Speech Technology Magazine

 

Microsoft and Google Reach Settlement

Microsoft reached a settlement with Google Inc. and former employee Kai-Fu Lee, ending litigation over Google's hiring of Kai-Fu Lee, who led Microsoft's speech technologies initiatives.
Posted Jan 1, 2006
Page1 of 1
Bookmark and Share
Microsoft reached a settlement with Google Inc. and former employee Kai-Fu Lee, ending litigation over Google's hiring of Kai-Fu Lee, who led Microsoft's speech technologies initiatives.

 

Microsoft filed suit in July against Google and Kai-Fu Lee for violation of confidentiality and non-competition agreements that Lee had signed while working for Microsoft. Google counter-sued Microsoft in U.S. District Court claiming that Microsoft's lawsuit had no foundation.

 

"Microsoft, Dr. Lee and Google have reached an agreement that settles their pending litigation.  The parties have entered into a private agreement that resolves all issues to their mutual satisfaction.  The terms of the agreement are confidential and all parties have agreed to make no other statements to the media regarding it. We are pleased with the terms of the settlement agreement," said David Drummond, vice president corporate development and general counsel at Google.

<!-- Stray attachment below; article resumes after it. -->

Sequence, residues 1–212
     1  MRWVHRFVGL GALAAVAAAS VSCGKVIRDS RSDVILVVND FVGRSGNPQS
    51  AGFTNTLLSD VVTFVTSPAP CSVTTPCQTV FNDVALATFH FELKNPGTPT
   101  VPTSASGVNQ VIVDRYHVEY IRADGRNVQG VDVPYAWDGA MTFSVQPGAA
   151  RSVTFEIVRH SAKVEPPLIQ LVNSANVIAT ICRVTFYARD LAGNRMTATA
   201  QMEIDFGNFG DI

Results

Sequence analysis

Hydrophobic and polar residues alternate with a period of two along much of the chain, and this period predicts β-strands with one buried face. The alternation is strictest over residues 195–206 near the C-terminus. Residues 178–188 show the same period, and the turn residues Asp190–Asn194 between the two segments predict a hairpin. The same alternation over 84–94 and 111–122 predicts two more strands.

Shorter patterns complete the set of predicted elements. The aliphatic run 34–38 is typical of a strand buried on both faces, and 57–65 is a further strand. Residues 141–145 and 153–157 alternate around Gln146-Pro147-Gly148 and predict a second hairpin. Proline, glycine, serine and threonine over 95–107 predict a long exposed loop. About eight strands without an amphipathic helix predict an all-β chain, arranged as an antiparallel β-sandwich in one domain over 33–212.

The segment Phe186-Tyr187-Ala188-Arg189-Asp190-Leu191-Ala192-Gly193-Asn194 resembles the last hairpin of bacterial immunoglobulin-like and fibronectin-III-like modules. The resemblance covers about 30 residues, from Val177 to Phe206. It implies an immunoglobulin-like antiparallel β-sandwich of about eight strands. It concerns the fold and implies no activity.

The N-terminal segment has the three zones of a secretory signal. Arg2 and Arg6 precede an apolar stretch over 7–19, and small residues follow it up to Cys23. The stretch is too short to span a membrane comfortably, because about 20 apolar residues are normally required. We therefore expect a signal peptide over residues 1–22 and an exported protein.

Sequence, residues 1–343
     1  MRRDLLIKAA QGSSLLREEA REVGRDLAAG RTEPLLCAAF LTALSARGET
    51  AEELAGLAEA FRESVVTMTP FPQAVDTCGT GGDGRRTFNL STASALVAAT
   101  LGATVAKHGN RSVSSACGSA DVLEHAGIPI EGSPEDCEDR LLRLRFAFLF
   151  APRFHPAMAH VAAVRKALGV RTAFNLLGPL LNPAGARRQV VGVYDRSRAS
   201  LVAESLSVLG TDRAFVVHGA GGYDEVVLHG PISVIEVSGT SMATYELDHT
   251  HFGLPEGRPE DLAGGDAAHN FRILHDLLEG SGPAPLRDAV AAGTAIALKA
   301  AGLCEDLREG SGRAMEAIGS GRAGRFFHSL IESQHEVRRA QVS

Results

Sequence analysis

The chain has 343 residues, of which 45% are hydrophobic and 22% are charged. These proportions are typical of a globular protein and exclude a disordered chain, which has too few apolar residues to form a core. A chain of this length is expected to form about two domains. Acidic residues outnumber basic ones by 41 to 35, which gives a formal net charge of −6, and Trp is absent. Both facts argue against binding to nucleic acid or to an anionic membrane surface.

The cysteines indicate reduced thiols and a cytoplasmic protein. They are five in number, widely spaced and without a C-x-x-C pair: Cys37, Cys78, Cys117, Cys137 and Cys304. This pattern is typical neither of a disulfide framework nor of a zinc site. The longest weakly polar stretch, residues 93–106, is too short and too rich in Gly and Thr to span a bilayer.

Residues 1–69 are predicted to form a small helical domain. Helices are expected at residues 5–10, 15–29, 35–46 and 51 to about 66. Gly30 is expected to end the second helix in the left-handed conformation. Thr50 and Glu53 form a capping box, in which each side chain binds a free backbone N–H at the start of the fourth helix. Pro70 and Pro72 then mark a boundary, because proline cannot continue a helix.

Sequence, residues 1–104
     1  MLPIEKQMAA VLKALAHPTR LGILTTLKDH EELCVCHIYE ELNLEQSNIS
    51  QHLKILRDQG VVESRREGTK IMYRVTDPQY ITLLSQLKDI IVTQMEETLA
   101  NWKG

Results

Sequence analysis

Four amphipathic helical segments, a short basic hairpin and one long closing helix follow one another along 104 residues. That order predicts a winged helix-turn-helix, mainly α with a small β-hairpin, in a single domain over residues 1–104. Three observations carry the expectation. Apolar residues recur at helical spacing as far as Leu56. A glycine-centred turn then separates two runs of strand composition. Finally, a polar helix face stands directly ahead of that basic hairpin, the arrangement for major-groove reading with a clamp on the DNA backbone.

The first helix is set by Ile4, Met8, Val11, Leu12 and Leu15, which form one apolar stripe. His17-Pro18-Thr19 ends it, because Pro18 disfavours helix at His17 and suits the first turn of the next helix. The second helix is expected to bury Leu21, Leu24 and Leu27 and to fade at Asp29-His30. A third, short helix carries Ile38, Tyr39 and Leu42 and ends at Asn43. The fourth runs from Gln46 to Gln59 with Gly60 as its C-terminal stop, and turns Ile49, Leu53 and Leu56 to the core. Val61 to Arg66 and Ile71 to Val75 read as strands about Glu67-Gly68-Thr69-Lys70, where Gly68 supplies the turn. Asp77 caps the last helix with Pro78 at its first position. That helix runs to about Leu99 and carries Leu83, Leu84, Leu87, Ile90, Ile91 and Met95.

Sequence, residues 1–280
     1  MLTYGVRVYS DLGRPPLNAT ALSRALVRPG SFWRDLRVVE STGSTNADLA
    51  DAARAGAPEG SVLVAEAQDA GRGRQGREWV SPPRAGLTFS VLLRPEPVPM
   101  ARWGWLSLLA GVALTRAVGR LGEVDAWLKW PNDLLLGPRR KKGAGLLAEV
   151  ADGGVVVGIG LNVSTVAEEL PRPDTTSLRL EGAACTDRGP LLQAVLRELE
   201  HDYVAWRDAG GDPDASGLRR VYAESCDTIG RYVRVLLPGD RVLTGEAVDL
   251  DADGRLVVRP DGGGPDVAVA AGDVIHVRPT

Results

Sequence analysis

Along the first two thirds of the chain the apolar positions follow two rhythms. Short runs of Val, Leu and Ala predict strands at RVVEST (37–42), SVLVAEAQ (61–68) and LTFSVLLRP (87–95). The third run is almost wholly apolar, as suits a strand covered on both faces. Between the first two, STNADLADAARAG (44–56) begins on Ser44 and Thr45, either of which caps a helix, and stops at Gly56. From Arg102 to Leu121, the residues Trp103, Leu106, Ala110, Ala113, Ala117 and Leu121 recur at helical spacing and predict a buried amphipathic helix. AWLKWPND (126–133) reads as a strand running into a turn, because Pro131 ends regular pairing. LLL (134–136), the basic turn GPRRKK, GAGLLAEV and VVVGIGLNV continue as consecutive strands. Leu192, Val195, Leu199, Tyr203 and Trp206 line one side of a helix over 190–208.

Google Inc. had planned to open a product research and development center in China in Q3 of 2005, and hired computer scientist, Dr. Kai-Fu Lee, to lead the operation and serve as president of the company's Chinese operations.

 

Lee, who is known for his work in the areas of speech recognition and artificial intelligence, joined Google from Microsoft, where he most recently held the position of corporate vice president, after founding Microsoft Research China in the late 1990s. In this position, Lee managed speech, natural language interfaces, advanced search and help, and authoring and learning technologies. Prior to joining Microsoft, Lee was a vice president and general manager at Silicon Graphics Inc. (SGI), responsible for Internet and multimedia software. Lee also spent six years at Apple, serving as vice president of the company's interactive media group, and before that was an assistant professor at Carnegie Mellon University.

 

The settlement's confidential terms make it unclear what tasks Dr. Lee can perform until his non-compete agreement runs out.

 

Dr. Kai-Fu Lee, president engineering, product and public affairs for Google China, stated, "I am pleased with the terms of the settlement agreement."

 

 

 

Page1 of 1